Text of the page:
Onkweonwe was a Mohawk language newspaper conceived, compiled, edited, and published by Charles Angus Cooke (Thawennensere) (1870–1958). Cooke was an Iroquois civil servant in the Government of Canada whose career coincided with that of Deputy Superintendent of Indian Affairs (and acclaimed poet/author), Duncan Campbell Scott. He was also closely associated with the Canadian anthropologist, Marius Barbeau.[1][2]

Onkweonwe (Mohawk for "the only human being" or "the real human being") was first published in 1900. According to an article published in May, 1901 in the Sudbury Journal, Onkweonwe began “some time ago…[as] a semi-monthly magazine.” So successful was the endeavour, Cooke “decided to turn it into a newspaper, the first of its kind in Canada and the second in America.”[3]

The newspaper solicited contributions from Mohawk people from throughout the provinces of Québec and Ontario, and New York state. The only known surviving copy of Onkweonwe is volume 1, number 1 (October 25, 1900), housed at Library and Archives Canada. However, the Sudbury Journal republished at least two stories from the newspaper in May, 1901 (not included in volume 1, number 1), proof that further issues were indeed published, although their extent is not known. Although short-lived, the paper was the first Aboriginal language newspaper written, compiled, and published solely by an Aboriginal person in Canada (and just the second in North America[4]). All previous publications in Aboriginal languages in Canada were written and published by European, Canadian, or American missionaries.[5]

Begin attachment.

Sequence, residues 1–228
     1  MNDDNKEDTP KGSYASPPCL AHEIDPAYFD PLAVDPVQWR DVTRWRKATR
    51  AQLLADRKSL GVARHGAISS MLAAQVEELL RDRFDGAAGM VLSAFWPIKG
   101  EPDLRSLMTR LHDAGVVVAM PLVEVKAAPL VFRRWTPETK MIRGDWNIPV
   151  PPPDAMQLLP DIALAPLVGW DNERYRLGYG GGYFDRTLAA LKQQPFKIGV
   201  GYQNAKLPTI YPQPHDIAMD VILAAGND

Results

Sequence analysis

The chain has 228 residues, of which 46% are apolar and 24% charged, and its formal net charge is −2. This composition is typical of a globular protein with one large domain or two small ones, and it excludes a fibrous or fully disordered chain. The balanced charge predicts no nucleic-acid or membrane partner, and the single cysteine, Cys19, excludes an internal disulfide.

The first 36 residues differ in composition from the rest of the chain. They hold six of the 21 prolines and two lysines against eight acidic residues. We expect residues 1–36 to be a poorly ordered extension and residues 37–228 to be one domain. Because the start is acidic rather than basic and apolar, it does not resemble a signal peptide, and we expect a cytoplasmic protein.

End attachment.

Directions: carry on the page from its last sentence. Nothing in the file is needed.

See alsoEdit

  • Two Row Times, weekly publication in Ohsweken, Ontario.
  • Cherokee Phoenix (1828-1834), the first newspaper published by Aboriginals in the United States
  • Cherokee Advocate (1844-1906), a newspaper running contemporary to Onkweonwe in the United States

ReferencesEdit

  1. ^ Edwards, Brendan Frederick R. Paper Talk: a history of libraries, print culture, and Aboriginal peoples in Canada before 1960. Scarecrow Press, 2005.
  2. ^ Edwards, Brendan F. R. "A Most Industrious and Far-Seeing Mohawk Scholar: Charles A. Cooke (Thawennensere), Civil Servant, Amateur Anthropologist, Performer, and Writer" Ontario History CII.1 (Spring, 2010)
  3. ^ “A Paper for the Mohawks: the new weekly will be printed in their own tongue” Sudbury Journal (30 May 1901) 1.
  4. ^ The first Aboriginal language newspaper in North America, published by an Aboriginal person(s), was the Cherokee Advocate
  5. ^ To get a sense of the range of serial publications in Aboriginal languages in Canada and the United States, see: James P. Danky, ed. Native American periodicals and newspapers 1828-1982: bibliography, publishing record, and holdings, compiled by Maureen E. Hady (Westport CT: Greenwood Press, 1984).

External linksEdit